A tale of two cities
The executives of Papua New Guinea’s two largest business chambers, in Port Moresby and Lae, reflect on their cities’ progress over the past decade.
CEO, Port Moresby Chamber of Commerce & Industry
In the nation’s capital, it’s just exponential change. It’s very, very heartening to see. Port Moresby has really grown up in the last 10 years, and the infrastructure development continues apace.
If you compare it with 10 years ago, I think it’s shaken off the mantle of being a dangerous place. I mean more and more people are coming in and saying: ‘What’s the fuss? This is a vibrant city in a developing country.’
With law and order moving back down the scale, it’s being replaced by new issues. The energy situation has become critical, and in many ways that was inevitable. When you see such exponential growth in the city, the infrastructure— power, water, sewerage, drainage—is all creaking and groaning.
But there are many encouraging things in the energy sector coming, so Moresby is heading to be very well covered in that regard—it’s going to be a lot better for business as well.
It’s all happening in Port Moresby. I visited Vision City, a shopping mall that would be the measure of any shopping mall in Asia, sitting under a new 433-room hotel—the Stanley. There are six new restaurants opening up in Steamships’ Harbourside development. You have one of the most magnificent harbours in the world that you’re sitting on.
You just you need to drive around Port Moresby to see what is happening. People are gentrifying: old fibro shacks have come down and people are building half a dozen units on the block of land.
New road infrastructure is opening up massive areas of real estate on the fringes of the city, and you know many of us thought that a lot of these traditional settlements would never go, and that’s been proven wrong. I like to see development translating to a better standard of living for people.
I think it’s positive that the port is moving to the northern side of the harbour. It’s going to be well connected by a new road. I would like to see some consideration given to the spin-offs in that economic development corridor around the harbour. There’s huge potential there. I’d like to see Hanuabada, Tatana Island, Baruni—places sitting right on the fringes of the nation’s capital—developing as well. I hope for a better quality of life for everybody in Port Moresby.
Thank goodness the name ‘Lae: the Pothole City’ hasn’t stuck. But, 10 years ago, it was synonymous with Lae, as most of the arterial road complex in the city had collapsed.
This had a dramatic effect on how business was conducted in the city. Bad roads added costs to business: • Vehicles had to be repaired or replaced more often. • Employee punctuality was a problem, as buses ran late or in extreme cases just did not operate. The poor health of workers, particularly with respiratory illnesses, caused downtime. Dust affected machinery and caused filthy stock. Deliveries were difficult. In 2008, a program to seal Lae’s roads was commenced and gained momentum in 2011, when the concreting of major city roads was started.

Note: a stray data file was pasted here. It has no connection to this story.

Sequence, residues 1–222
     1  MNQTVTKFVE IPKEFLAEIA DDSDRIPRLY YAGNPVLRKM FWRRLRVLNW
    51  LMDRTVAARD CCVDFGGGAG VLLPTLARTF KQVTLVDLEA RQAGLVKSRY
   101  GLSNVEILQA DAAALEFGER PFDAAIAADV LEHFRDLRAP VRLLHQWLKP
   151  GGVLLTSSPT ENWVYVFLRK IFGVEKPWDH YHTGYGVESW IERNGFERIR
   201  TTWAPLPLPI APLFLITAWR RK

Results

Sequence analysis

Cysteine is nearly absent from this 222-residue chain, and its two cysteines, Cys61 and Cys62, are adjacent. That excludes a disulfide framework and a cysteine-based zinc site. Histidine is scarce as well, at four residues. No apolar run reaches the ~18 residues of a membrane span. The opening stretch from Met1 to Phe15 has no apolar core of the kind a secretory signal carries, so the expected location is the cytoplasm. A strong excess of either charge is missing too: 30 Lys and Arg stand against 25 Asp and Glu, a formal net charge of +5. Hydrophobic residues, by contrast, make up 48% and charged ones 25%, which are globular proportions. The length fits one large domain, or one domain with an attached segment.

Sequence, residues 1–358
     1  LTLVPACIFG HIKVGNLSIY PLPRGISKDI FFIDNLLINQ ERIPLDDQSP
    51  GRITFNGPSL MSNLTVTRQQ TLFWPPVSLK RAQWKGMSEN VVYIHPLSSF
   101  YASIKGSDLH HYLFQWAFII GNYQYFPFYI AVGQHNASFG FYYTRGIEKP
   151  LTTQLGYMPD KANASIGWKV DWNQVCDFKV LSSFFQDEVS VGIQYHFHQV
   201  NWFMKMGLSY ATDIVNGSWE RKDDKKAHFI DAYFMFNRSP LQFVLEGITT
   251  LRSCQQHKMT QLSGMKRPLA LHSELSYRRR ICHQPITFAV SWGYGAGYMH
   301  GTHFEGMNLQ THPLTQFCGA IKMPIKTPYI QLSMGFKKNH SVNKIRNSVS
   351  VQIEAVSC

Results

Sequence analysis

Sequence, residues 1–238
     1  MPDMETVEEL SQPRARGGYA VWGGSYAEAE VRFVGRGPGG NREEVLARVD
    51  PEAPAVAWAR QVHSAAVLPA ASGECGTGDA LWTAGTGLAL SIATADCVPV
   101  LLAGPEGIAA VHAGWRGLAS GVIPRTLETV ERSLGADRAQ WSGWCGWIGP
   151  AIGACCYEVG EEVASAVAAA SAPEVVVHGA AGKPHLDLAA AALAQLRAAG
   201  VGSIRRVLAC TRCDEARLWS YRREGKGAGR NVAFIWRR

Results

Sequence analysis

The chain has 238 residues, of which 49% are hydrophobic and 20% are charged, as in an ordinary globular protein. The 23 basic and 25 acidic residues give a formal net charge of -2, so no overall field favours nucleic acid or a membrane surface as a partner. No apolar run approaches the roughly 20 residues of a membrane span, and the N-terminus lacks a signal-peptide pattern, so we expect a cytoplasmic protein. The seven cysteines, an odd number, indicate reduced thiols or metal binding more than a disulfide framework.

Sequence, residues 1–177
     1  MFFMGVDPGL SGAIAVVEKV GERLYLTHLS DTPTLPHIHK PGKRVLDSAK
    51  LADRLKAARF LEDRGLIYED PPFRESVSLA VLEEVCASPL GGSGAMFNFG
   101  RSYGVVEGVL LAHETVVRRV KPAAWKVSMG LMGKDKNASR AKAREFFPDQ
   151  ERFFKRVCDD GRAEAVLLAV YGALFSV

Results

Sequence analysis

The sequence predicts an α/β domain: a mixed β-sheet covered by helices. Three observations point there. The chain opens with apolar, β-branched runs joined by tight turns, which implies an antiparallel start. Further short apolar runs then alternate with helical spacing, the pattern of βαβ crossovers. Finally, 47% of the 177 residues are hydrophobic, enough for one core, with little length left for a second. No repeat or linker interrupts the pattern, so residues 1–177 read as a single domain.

Now, only a few major roads are yet to be sealed. Unfortunately, these are the most important roads in the city, especially the last kilometre of Milfordhaven Road leading to the Lae Wharf, which is the main artery for normal traffic as well as all the trucks and heavy vehicles to and from the port. We are hopeful that these roads will be sealed in 2016.
The PNG LNG gas development in the Highlands brought ancillary business to Lae, which saw the city expand quickly. Little available land in Lae Township itself meant that much of the development was in the direction of the Nadzab airstrip.
This development was haphazard but a new Urban Development Plan currently being done by professional town planners provided by JICA (the Japanese International Cooperation Agency) will cater for Lae’s continued expansion as far as the Erap River, just past Nadzab.
In November 2015, PNG again signed a deal with JICA for Nadzab Airport to be extended, with K650m funding, starting in 12 months’ time, allowing for a new terminal, runway improvement and provision for airport-related businesses.
The completion of the ‘super highway’ from Lae to Nadzab will guarantee swift access to these new facilities from Lae. Business houses have commenced planning for future international flights from Nazdab and the Lae Chamber of Commerce hopes these will benefit not only businesses in Lae but those in the Highlands, Madang and Islands as well.
PNG is undergoing a business slump and Lae is no exception. As the manufacturing hub of PNG, the shortage of ready cash in the country has resulted in a downturn in business across the board. However, when the economy recovers, Lae is well placed to pick up quickly and will be able to operate more efficiently, taking full advantage of the improved infrastructure.